Why oh Why my Y-Axis, or what part of integer don’t you understand?

I recently met with a customer to discuss their requirements for some new Crystal Reports. In passing, they mentioned a problem they were having with the formatting of the Y-Axis on a chart. The problem was that the chart was being used to display a count, but values was displaying one decimal place which makes no sense as the result is always a round number.

‘No Problem’, I said. Easy work, you just format the number to have no decimal places.


This is what happens when you only have a small count:


As you can see, I’ve selected no decimal places in the chart editor, but that still looks like 0.4 to me. It seems that if there aren’t enough integers to go around, Crystal just displays the decimal places, ignoring the formatting.

‘No Problem’, I say – I can change the Major Interval to 1 instead of having it set automatically.

Except you can’t:


Crystal forces you to have a minimum of 1 step between minimum and maximum. As I have only 1 in my data, I can’t change this.

Next step was to try and format the chart with a larger date range. Getting closer:


It starts to become more obvious now. you need to get the maximum data point to be a value that will allow you to set the Major Interval to be 1.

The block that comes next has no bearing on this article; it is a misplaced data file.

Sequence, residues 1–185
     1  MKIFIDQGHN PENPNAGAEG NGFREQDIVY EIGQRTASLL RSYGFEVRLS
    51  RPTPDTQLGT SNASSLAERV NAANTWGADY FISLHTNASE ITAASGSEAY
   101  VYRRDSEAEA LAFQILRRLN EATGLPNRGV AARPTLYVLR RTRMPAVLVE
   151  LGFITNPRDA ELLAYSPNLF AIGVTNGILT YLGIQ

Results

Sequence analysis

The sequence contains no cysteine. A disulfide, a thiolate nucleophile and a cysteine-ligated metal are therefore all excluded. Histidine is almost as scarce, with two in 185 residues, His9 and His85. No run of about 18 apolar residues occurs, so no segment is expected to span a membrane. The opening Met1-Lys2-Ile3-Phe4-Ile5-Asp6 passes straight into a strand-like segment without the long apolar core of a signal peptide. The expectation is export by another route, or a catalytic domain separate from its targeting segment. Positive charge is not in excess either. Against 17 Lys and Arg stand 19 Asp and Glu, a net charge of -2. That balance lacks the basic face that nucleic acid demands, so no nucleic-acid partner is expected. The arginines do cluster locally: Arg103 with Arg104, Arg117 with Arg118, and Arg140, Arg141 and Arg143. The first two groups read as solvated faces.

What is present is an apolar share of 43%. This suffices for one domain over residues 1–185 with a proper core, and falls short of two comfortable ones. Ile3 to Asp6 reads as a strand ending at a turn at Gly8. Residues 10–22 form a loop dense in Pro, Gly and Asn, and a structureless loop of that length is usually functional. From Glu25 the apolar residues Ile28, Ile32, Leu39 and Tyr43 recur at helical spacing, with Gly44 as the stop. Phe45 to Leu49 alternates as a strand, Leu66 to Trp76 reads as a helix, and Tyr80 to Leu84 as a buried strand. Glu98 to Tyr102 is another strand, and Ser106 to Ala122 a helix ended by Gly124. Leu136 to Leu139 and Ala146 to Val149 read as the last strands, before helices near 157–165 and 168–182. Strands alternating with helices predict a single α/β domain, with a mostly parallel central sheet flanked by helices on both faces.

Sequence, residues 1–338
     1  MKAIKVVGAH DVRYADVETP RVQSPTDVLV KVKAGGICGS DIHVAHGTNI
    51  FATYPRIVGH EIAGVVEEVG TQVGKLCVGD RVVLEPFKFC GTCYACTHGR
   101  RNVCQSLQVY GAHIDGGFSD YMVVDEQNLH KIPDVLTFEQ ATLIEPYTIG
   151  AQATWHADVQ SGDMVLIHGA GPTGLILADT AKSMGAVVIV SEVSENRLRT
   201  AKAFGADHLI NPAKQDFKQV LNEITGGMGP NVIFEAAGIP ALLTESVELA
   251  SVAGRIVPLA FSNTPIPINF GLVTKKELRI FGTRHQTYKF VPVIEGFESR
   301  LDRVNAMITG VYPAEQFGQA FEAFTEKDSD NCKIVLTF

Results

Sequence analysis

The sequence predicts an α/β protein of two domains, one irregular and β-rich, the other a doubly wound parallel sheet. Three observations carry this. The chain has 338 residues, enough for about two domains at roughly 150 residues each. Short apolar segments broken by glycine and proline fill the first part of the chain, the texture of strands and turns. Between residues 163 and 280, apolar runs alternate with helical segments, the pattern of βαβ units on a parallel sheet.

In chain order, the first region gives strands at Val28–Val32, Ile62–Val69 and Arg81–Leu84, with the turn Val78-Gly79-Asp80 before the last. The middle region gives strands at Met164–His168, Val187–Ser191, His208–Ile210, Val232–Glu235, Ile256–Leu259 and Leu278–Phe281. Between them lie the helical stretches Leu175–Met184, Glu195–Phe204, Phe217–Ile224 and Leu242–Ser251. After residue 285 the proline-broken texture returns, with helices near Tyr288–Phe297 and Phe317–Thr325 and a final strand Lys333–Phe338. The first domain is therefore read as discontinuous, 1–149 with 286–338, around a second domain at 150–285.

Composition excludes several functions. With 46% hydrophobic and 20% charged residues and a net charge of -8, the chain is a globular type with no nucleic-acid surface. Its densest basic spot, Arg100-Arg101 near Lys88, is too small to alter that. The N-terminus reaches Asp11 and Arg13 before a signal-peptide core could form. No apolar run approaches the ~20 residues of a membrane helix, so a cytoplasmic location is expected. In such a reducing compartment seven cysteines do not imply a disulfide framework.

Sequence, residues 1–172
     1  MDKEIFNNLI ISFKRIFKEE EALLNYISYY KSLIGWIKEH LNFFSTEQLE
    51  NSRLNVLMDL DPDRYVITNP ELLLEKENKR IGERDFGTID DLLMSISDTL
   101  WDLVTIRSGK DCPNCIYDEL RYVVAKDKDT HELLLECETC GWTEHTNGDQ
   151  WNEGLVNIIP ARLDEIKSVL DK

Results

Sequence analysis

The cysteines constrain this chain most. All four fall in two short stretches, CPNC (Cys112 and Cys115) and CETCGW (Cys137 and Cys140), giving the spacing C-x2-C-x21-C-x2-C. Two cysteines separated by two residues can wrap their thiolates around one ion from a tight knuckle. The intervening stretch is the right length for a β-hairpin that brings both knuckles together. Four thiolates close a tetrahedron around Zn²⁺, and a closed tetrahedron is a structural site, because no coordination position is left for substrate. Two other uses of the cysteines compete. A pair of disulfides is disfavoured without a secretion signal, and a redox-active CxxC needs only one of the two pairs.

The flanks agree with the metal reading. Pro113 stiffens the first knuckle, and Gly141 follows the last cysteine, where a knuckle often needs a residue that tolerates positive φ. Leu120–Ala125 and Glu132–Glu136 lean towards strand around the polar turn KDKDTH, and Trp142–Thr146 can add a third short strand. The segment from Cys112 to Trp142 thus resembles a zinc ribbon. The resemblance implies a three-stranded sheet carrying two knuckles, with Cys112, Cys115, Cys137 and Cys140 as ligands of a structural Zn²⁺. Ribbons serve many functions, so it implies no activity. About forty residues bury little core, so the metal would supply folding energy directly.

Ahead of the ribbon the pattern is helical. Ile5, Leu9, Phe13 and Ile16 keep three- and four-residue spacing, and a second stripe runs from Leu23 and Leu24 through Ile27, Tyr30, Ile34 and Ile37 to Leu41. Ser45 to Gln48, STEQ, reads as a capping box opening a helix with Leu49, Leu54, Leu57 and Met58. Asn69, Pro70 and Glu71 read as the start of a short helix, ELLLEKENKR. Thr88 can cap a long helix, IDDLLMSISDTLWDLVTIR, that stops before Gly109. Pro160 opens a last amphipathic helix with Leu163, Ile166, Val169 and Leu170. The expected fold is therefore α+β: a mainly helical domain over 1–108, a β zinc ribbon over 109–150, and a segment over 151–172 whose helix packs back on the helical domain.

However, there is a gotcha. If you set it with too much data, you get a very busy chart:


This bit can take some experimentation as the value you’re looking for depends upon how many intervals you want displayed and how wide the chart is.

In my report, it was 10. Fortunately, once you’ve managed to persuade Crystal that 1 is the magic number, it starts to behave. I was worried that my chart would have a line for every value even when the maximum was 100+. Crystal seems to understand that you don’t want this and manages to change the interval to 5, 10, 20 etc.

There is one exception. There had to be, life is never this simple.

If your maximum value is just one, you get a phantom line on the chart, the formatting for the max and min changes too:


This is where it gets really odd!

The workaround for this is to turn off the display of the Maximum Label:


Makes no sense to me either! If you don’t like the 0.0 for the minimum, you can turn that off too. Problem now is that a chart without a maximum looks a bit odd. If you want the maximum displaying and you don’t want that phantom line appearing when the maximum is just one, you need to create a second copy of your chart in a separate section and conditionally suppress.

This all drove me nuts, so I hope it helps someone else.

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